Bandbox by Thomas Mallon
A Novel

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From the author of Henry and Clara, a dazzling, hilarious novel that captures the heart and soul of New York in the Jazz Age.

Bandbox is a hugely successful magazine, a glamorous monthly cocktail of 1920s obsessions from the stock market to radio to gangland murder. Edited by the bombastic Jehoshaphat “Joe” Harris, the magazine has a masthead that includes, among many others, a grisly, alliterative crime writer; a shy but murderously determined copyboy; and a burned-out vaudeville correspondent who’s lovesick for his loyal, dewy assistant.

As the novel opens, the defection of Harris’s most ambitious protégé has plunged Bandbox into a death struggle with a new competitor on the newsstand. But there’s more to come: a sabotaged fiction contest, the NYPD vice squad, a subscriber’s kidnapping, and a film-actress cover subject who makes the heroines of Fosse’s Chicago look like the girls next door. While Harris and his magazine careen from comic crisis to make-or-break calamity, the novel races from skyscraper to speakeasy, hops a luxury train to Hollywood, and crashes a buttoned-down dinner with Calvin Coolidge.

Thomas Mallon has given us a madcap and poignant book that brilliantly portrays the gaudiest American decade of them all.

From the Hardcover edition.

About Thomas Mallon

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Thomas Mallon is the author of eight novels, including Henry and Clara, Fellow Travelers, and Watergate. He is a frequent contributor to The New Yorker, The New York Times Book Review and other publications.

Author Residence: Washington, D.C.
Published August 8, 2012 by Pantheon. 320 pages
Genres: History, Humor & Entertainment, Literature & Fiction, Arts & Photography. Fiction

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And when Bandbox subscriber dewy-eyed Indianan John Shepard arrives in NYC and meets his raffish journalistic gods, an indiscreet remark prompted by his overindulgence in “near-beer” gets the kid kidnapped by Rothstein’s goons and spirited away to a California ranch.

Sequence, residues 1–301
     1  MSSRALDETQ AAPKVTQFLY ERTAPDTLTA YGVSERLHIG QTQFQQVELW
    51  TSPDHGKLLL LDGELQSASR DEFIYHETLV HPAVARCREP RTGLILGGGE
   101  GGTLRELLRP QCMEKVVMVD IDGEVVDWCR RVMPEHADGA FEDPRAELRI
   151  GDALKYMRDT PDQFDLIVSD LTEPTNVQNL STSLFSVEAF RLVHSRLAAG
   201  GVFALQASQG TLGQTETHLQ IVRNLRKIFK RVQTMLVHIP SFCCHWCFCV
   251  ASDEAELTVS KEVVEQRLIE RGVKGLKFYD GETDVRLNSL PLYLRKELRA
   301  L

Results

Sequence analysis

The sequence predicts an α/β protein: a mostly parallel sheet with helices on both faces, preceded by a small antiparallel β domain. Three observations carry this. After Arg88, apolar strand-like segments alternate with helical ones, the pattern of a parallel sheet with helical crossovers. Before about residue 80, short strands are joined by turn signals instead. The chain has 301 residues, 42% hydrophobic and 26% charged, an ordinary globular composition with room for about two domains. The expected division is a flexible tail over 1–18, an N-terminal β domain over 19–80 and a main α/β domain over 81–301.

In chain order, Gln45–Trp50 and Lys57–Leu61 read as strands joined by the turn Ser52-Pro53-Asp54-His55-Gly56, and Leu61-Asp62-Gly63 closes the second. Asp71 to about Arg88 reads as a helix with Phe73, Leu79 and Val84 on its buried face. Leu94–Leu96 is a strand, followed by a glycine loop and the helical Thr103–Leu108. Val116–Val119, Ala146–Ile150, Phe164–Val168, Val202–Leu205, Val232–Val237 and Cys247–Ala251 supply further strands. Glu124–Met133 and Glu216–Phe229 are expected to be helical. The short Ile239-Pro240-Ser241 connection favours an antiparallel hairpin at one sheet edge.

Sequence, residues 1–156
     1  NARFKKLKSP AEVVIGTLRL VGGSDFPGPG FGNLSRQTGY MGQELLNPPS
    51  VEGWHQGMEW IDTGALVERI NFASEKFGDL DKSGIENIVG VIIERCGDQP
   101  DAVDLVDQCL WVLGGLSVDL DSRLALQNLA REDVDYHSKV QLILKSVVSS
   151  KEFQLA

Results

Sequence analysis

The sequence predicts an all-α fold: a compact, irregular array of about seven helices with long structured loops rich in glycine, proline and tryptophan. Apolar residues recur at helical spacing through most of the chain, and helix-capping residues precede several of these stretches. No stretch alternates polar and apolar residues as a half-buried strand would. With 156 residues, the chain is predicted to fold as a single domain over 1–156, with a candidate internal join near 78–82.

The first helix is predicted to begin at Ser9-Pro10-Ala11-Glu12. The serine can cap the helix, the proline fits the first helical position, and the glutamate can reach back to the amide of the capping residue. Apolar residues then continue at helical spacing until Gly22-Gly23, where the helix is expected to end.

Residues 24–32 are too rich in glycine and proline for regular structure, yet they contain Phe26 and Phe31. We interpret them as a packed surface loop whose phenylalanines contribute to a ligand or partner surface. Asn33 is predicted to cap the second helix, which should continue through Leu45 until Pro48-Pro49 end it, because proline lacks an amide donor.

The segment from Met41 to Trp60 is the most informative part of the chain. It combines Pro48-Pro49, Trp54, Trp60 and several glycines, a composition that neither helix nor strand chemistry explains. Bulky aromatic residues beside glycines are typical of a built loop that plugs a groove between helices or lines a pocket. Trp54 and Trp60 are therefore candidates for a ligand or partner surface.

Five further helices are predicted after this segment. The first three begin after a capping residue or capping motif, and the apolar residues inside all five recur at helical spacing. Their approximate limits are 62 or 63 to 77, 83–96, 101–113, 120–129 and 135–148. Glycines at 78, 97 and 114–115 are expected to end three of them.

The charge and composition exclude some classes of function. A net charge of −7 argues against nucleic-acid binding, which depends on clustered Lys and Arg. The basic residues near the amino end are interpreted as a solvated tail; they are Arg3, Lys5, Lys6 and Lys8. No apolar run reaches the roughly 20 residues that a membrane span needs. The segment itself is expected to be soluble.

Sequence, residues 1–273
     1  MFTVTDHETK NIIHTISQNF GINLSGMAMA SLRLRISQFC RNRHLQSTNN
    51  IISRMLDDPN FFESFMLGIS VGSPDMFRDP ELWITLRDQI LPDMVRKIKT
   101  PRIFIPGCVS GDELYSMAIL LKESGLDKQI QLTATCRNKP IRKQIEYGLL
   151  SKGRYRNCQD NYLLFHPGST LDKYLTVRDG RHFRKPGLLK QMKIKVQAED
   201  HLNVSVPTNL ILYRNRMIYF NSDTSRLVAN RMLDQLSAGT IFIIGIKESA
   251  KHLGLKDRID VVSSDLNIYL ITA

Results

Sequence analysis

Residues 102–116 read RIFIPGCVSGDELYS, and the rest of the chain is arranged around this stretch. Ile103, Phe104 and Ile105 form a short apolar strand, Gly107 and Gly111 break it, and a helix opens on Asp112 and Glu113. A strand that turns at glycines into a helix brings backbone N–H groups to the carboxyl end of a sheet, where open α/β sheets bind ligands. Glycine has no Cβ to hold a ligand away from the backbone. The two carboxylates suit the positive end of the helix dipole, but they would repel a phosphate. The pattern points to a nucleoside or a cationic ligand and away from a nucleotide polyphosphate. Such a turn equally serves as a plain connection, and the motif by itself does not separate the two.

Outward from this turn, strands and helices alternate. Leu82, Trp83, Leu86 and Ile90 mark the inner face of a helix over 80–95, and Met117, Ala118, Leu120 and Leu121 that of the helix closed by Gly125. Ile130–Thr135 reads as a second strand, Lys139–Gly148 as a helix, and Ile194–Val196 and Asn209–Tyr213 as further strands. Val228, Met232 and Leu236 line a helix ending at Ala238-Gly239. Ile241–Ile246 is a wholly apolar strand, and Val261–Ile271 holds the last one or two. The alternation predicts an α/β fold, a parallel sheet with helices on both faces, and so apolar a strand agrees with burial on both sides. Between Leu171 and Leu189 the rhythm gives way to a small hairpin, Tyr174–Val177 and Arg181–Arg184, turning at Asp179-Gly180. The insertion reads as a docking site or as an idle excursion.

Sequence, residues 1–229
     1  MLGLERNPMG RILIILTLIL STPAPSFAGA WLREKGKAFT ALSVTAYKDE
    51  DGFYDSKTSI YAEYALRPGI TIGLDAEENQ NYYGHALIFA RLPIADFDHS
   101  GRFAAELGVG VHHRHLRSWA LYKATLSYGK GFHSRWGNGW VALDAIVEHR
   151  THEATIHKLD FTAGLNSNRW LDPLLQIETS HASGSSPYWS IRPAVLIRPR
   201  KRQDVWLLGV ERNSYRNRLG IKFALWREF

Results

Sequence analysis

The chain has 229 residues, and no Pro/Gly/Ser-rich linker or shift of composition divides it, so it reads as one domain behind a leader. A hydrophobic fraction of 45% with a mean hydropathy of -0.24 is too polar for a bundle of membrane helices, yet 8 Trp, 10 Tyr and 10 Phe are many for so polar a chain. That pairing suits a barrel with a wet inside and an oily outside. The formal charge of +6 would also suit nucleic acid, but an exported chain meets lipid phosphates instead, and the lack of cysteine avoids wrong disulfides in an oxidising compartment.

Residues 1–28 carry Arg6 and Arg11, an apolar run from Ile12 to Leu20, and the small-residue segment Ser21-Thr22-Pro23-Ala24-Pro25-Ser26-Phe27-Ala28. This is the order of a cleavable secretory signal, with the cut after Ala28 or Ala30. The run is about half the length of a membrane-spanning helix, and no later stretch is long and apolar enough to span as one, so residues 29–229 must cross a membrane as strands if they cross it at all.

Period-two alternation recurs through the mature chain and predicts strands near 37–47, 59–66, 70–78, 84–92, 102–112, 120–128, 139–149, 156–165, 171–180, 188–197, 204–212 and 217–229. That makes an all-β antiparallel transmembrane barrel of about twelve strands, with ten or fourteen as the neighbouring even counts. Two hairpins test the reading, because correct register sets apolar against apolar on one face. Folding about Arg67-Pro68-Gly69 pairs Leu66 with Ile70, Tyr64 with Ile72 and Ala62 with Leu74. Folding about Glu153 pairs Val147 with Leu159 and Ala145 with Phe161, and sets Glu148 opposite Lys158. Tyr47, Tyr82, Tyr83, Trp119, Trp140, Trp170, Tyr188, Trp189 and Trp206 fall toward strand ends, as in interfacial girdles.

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Publishers Weekly

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A new, gleeful exuberance infuses Mallon's latest novel, in which he turns his talent for fastidious historical detail (Dewey Defeats Truman , etc.) to the elaboration of a comedy of errors set in Manhattan during the 1920s.

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Star Tribune

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From the outset we are aware of the brutal competition between Bandbox and its rival, Cutaway, edited by Jimmy Gordon, formerly Harris' right-hand man at Bandbox.

Jan 10 2004 | Read Full Review of Bandbox: A Novel

Book Reporter

Thomas Mallon's new novel begins with an epigrammatic definition of its title: Referring neither to music nor to boxing, a bandbox is, he quotes Webster's, "a neat box of pasteboard or thin wood, usually cylindrical, for holding light articles of attire."

Jan 06 2004 | Read Full Review of Bandbox: A Novel

Entertainment Weekly

Set in 1928 at a boozy New York men's magazine called Bandbox, GQ contributor Mallon's madcap novel boasts a cast of characters that will look very familiar to media-world insiders.

Jan 09 2004 | Read Full Review of Bandbox: A Novel

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